McDonald's Budget Advice Insults Poor Workers

"If there is one thing poor people do not need, it is lessons in how to be poor," writes Miami Herald columnist Leonard Pitts Jr., referring to McDonald's budget advice, ostensibly aimed at helping minimum-wage workers. 

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Fast-food worker rally for higher wages in Harlem. (Stan Honda/AFP/Getty Images)

Miami Herald columnist Leonard Pitts, Jr. tackles what he calls McDonald's insulting budget advice, ostensibly aimed at helping minimum-wage workers, who have been fighting for higher pay. "If there is one thing poor people do not need, it is lessons in how to be poor," he says.

Perhaps you've heard of it. As fast food workers around the country protest for higher wages, we learn that McDonald's offers advice to help them live on the wages they make which, while not technically bupkes, do amount to a paycheck you can pretty much have the driver cash for you on the bus ride home. In December, for example, Bloomberg profiled a Chicago man who, after 20 years with the burger giant, earns $8.25 an hour — and doesn't get 40 hours a week. This, as McDonald's CEO Don Thompson pulled down, according to the Wall Street Journal, a compensation package worth $13.8 million last year.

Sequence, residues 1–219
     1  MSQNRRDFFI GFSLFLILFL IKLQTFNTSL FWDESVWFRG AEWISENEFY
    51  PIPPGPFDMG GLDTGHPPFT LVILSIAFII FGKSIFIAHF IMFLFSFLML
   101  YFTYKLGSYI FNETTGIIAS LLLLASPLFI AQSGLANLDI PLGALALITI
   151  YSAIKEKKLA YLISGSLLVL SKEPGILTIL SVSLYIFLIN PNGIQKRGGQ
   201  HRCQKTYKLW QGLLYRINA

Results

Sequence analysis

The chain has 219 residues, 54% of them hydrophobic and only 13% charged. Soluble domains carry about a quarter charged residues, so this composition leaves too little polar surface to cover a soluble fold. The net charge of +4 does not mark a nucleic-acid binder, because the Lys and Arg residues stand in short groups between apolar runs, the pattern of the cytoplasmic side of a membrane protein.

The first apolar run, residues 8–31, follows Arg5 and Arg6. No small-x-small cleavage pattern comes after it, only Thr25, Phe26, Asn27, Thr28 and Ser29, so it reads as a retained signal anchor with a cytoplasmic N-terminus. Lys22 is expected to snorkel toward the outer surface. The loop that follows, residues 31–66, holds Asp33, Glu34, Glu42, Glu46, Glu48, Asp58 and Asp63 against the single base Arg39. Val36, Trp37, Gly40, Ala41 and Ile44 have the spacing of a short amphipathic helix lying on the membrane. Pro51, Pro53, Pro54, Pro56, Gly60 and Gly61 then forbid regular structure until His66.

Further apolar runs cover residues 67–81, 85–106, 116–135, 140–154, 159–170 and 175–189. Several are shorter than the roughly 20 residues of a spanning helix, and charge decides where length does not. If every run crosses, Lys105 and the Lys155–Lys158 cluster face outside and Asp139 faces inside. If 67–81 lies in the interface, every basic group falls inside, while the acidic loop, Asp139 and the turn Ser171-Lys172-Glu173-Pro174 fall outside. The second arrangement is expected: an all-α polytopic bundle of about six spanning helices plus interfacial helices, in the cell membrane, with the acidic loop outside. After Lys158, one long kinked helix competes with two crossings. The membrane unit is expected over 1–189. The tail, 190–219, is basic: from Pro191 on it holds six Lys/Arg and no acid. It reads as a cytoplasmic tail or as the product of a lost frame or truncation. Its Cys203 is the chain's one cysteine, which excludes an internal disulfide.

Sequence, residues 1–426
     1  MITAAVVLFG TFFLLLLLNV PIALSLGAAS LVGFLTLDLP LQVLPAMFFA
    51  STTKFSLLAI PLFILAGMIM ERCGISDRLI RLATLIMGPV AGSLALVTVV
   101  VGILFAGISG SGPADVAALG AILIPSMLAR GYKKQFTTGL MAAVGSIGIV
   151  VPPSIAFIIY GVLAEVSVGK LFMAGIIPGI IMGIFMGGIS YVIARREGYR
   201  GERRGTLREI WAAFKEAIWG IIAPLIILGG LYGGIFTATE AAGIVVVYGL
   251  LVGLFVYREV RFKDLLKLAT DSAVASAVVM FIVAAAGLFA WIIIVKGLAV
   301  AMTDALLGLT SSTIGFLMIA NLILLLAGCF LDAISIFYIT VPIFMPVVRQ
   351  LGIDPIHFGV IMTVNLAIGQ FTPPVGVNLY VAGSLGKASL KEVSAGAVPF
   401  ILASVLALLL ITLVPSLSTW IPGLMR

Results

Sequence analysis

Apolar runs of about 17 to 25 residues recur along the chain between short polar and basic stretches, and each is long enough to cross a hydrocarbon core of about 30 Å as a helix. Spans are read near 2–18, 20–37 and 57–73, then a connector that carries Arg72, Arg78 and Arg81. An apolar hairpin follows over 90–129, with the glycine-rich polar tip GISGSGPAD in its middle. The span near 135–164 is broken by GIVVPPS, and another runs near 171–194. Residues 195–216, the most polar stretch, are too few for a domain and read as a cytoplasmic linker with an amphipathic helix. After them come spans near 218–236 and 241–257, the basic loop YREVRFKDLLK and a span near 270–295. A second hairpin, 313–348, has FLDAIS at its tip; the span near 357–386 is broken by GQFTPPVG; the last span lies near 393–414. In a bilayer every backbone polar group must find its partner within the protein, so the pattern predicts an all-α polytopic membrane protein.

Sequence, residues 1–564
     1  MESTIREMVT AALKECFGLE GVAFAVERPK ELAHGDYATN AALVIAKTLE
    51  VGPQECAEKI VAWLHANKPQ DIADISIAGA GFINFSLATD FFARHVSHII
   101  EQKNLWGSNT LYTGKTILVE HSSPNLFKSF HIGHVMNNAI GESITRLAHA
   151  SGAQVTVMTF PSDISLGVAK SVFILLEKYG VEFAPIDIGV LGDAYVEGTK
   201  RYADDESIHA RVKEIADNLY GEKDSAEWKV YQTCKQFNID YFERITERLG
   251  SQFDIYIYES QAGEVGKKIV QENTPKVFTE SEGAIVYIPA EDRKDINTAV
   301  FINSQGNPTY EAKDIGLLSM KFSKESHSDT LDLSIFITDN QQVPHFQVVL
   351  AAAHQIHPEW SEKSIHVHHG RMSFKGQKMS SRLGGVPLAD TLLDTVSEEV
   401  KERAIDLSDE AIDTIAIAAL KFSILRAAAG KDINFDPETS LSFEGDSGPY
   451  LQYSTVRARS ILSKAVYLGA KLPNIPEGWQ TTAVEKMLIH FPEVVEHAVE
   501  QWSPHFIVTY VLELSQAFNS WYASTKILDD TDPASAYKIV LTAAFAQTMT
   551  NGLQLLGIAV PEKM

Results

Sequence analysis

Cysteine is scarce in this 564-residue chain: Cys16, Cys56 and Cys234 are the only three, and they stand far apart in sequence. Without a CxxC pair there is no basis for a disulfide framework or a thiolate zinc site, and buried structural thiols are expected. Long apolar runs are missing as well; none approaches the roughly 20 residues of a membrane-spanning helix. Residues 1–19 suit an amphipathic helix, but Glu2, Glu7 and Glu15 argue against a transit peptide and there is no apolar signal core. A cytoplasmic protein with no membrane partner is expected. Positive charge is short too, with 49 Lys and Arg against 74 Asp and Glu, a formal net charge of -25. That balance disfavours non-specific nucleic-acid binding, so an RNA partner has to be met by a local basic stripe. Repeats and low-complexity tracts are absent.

Anyway, Mickey D's isn't blind to the difficulties of french fry makers and drive-through order takers getting by on not quite bupkes. It partnered with Visa on a website —http://www.practicalmoneyskills.com/mcdonalds/budgetJournal/budgetJournal.php — which includes a sample budget showing how to live reasonably well on next to nothing.

The impossibility of doing so has been attested to by everyone from writer Barbara Ehrenreich in her book Nickel and Dimed to noted obstetrician Cliff Huxtable, in that episode of The Cosby Show where he uses Monopoly money to teach young Theo the value of a good income. It has also been attested to by the people trying to do it. But all that notwithstanding, the McBudget insists it can be done ...

The most vexing thing about that budget is its condescension. Take it from this welfare mother's son: If there's one thing poor people do not need, it is lessons in how to be poor. To the contrary, you will never meet anyone who can wring more value from a dollar.

Read Leonard Pitts Jr.'s entire column at the Miami Herald.

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